Chen Nanxiang, the head of Chinese 3D NAND champion Yangtze Memory Technologies (YMTC) that got into the U.S. trade blacklist late last year, asked producers of wafer fab equipment to buy back tools the company cannot use. In his keynote speech at Semicon China conference he also warned that the global semiconductor industry is entering an era of turmoil and disarray due to increasing geopolitical tensions.
Buy It Back
According to Bloomberg, Chen Nanxiang, chairman and CEO of YMTC, gave a speech in Shanghai, China, that directly addressed machine suppliers, and how they should buy back the legally purchased equipment and components if they cannot be used.
While many companies are slowing down spending on wafer fab equipment these days, makers of chip production equipment have huge backlogs, so selling off fab tools may not be a problem for YMTC, if it really wants to get rid of them.
YMTC got hit by the U.S. government twice last year. In October, YMTC was blocked from acquiring wafer fab equipment (WFE) with American technology necessary for producing 3D NAND with 128 or more layers as part of the broad sanctions imposed by the U.S. government on the Chinese semiconductor industry. The restrictions also oblige U.S. citizens to obtain a license from the U.S. Department of Commerce to support development or production of said memory devices in China. As a result, four prominent chipmaking tool companies — ASML, Applied Materials, KLA, and Lam Research — ceased their work with YMTC due to the requirement of obtaining relevant export licenses from the DoC.
In December, YMTC got into the U.S. DoC Entity List and can no longer procure equipment, software, and other technologies from U.S.-based companies (or other companies selling technologies developed in America) — unless the latter secure a special export license from the DoC. Such export licenses are reviewed with a presumption of denial.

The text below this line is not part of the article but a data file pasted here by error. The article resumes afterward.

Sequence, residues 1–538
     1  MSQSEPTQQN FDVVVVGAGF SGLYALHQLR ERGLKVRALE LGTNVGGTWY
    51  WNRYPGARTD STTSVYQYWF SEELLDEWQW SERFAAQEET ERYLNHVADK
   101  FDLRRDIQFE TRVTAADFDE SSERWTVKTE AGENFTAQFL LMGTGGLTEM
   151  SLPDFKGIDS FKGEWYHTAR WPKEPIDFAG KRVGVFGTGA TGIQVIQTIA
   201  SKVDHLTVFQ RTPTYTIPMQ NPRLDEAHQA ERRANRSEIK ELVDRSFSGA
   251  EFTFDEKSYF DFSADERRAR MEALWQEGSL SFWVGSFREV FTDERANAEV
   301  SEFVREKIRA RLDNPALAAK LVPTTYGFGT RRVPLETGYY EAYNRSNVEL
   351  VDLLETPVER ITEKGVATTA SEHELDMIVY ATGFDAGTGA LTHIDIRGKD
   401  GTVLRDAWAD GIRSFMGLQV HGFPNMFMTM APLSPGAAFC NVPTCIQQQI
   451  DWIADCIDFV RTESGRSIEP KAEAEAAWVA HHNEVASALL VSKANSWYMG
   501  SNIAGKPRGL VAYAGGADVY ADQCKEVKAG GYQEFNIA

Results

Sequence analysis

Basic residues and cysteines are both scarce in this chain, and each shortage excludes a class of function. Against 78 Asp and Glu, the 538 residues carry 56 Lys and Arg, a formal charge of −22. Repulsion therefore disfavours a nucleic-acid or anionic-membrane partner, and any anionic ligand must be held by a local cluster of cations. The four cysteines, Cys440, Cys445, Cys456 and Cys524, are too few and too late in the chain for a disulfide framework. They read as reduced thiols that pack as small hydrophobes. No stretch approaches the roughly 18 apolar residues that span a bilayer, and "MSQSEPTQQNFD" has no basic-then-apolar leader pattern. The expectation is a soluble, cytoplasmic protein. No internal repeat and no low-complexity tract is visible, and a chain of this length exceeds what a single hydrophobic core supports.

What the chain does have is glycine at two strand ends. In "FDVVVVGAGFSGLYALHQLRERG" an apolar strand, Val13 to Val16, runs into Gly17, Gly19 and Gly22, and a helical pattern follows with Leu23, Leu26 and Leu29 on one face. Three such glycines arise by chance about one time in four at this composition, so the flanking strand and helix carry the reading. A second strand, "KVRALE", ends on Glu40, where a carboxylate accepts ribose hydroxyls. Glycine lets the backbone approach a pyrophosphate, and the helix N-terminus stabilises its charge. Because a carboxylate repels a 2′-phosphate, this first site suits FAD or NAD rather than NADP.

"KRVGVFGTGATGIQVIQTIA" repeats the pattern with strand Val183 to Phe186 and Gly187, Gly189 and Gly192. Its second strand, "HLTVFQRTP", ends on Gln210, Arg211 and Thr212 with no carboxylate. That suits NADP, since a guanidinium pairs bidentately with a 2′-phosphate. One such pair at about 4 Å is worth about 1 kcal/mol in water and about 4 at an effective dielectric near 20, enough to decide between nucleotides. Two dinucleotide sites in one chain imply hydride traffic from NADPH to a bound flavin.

As a result of the two hits, YMTC cannot obtain, install, and use the latest tools it acquired from WFE producers that it needed to make 232-layer 3D NAND, a type of memory that could power some of the best SSDs with a PCIe 5.0 interface. Furthermore, the company has troubles servicing its existing tools. Some analysts believe that Yangtze Memory might have to abandon production of 3D NAND and turn itself into maker of specialty 2D NAND or even a contract chipmaker.
Turmoil and Disorder
Chen stated that globalization is effectively dead, and the previously established rules, balance, and harmony have been disrupted. This shift is predicted to greatly impact the supply chain, industry practices, and business models. The head of YTMC believes that key aspects of globalization such as competition, innovation, and the free movement of talent and resources have been affected.
According to reports via Nikkei, Chen believes that globalization is dead and that government interventions and that existing rules and past balances are now broken. Chen continues, stating that the semiconductor industry could see a period of turmoil. A period which could see a tremendous and profound impact on the supply chain and industry practices.
The chief executive and chairman of the troubled 3D NAND maker highlighted the importance of global cooperation in the semiconductor industry. He emphasized that the complex chip supply chain involves 25 countries and has indirect ties with another 23.
Chen also indicated that semiconductor markets in China and the U.S. — which benefited from contributions from foreign investors and inventors — do not solely belong to their respective countries, but are global assets. Similarly, he brought example of NAND flash memory, which was invented by Toshiba in Japan back in the 1980s, and which is perfected by South Korea-based Samsung and SK Hynix.